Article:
William Orndorff, 71, yard artist
By MARY LYNN SMITH, Star Tribune
February 29, 2008
A shroud of black covers the much decorated tree stump
in William Orndorff's front yard in St. Louis Park.
Orndorff, creator of the iconic sculpture that grew from neighborhood
novelty to a community conversation piece, died Tuesday of emphysema.
He was 71.
Over the last decade, Orndorff decorated the 5-foot stump to reflect
the change of seasons or the coming of a holiday. Sometimes it became
an artful rant about something that irritated him.
It all started when he had to cut down a tree at the corner of his house
at Morningside Road and Wooddale Avenue. A towering stump remained.
"One day he wrapped it in foil,'' said his wife, Ramona Johnson.
"Who knows why. This was William. You didn't ask. You just had
to wait and see what happened.''
Orndorff was amused that neighbors began to talk: Was it a new-fangled
approach to pest control or a plan to re-energize life in the tree?
"He was so elated that people would project ideas onto it,'' his
wife said. That's what art is about and Orndorff, who always considered
himself something of an artist, was fascinated by that, she said.
He nailed more than a dozen wayward hubcaps to it and called it "Signs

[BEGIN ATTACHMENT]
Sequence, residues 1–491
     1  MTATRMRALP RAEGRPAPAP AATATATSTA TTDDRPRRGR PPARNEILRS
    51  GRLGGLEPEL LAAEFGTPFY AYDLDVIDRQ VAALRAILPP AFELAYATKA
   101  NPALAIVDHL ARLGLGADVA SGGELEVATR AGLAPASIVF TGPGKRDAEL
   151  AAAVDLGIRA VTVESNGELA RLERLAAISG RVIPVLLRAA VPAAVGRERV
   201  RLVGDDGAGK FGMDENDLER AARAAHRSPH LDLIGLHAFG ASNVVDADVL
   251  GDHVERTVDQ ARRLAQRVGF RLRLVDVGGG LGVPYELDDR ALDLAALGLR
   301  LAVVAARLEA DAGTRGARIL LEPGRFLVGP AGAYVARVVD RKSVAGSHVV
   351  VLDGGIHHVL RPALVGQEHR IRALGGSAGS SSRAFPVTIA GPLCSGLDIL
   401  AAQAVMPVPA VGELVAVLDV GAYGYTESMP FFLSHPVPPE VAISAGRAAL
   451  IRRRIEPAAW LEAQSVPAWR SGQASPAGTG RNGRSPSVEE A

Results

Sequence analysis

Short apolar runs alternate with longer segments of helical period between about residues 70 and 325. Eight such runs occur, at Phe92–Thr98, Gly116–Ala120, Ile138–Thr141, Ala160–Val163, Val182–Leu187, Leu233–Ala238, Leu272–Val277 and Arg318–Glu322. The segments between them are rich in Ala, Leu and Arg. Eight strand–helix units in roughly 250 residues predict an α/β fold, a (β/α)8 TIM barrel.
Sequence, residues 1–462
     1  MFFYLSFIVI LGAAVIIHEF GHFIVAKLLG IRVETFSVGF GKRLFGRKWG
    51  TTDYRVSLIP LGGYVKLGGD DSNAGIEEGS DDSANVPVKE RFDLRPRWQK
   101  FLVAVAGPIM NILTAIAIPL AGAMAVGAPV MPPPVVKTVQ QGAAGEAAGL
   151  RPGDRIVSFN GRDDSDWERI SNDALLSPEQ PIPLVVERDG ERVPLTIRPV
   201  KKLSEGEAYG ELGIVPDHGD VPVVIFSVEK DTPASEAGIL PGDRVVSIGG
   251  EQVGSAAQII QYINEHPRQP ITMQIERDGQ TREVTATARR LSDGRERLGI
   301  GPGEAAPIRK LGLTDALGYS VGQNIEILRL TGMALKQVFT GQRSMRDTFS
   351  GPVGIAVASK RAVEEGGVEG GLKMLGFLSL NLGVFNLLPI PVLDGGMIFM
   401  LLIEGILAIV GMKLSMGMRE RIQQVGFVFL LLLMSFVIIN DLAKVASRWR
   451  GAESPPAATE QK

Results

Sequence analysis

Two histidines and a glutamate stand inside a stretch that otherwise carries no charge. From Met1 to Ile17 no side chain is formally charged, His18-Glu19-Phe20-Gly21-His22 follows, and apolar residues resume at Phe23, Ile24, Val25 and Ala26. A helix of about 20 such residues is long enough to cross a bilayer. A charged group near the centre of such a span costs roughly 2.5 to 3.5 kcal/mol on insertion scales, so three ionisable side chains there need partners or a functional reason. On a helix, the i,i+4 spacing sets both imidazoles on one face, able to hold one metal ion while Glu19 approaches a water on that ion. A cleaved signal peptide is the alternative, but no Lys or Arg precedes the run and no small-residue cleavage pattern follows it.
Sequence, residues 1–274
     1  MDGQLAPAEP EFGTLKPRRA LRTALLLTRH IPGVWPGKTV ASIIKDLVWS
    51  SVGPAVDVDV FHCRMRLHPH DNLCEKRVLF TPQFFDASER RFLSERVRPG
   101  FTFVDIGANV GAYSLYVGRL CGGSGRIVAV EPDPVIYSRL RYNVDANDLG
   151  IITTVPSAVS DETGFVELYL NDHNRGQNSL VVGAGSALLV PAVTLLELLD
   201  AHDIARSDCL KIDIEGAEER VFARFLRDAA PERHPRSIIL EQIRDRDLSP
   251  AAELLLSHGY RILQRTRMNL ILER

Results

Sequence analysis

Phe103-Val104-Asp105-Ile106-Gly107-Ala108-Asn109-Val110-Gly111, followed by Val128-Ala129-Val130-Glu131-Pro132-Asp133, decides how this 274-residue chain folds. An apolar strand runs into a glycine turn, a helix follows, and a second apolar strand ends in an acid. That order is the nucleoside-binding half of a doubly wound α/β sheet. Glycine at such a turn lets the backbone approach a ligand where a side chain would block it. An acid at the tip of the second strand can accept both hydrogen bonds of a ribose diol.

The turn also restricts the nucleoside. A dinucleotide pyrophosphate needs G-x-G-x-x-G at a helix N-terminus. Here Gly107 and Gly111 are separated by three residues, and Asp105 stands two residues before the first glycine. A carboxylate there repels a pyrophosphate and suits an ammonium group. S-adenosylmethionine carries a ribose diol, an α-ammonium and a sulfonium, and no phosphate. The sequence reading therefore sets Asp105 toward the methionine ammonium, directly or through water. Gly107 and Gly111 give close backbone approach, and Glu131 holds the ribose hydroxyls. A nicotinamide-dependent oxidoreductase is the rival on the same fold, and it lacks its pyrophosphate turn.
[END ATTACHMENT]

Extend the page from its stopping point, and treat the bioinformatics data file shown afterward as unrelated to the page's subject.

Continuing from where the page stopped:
of Spring." Irritated by the cards that drop out of magazines,
he collected a 4-inch stack of them and stapled them to the stump.
If Minnesota went into a deep freeze, the stump was dressed as "Hula
Girl." When the holidays came, a minimalist pumpkin, turkey or
rabbit emerged. The traditional Santa eventually took on a more cubist
look, with the eyes, beard, mittens and belt randomly placed around
Orndorff, born in Fergus Falls and raised in Farmington, retired nine
years ago from Despatch Industries in Lakeville after for 42 years.
His life outside the manufacturing plant was eclectic. He photographed
the urban landscape. He wrote, created a garden that turned heads, rode
his motorcycle until he sold it last fall and regularly worked out at
a health club.
"He was a self-determined man,'' his wife said. Emphysema debilitated
his lungs, but he maintained his physical strength and remained active,
"He was an iconoclast," she said. "He was genuine and
earthy with crusty edges.''
And a free spirit, said his daughter-in-law, Laurene Orndorff. "He
In addition to his wife, he is survived by a son, David of Apple Valley;
two daughters, Debbie Rodriquez of Idaho and Shelley Kallsen of New
Prague; a brother, Dick of Farmington; sister, Louise Breidel of West
St. Paul, and seven grandchildren.
Services have been held.
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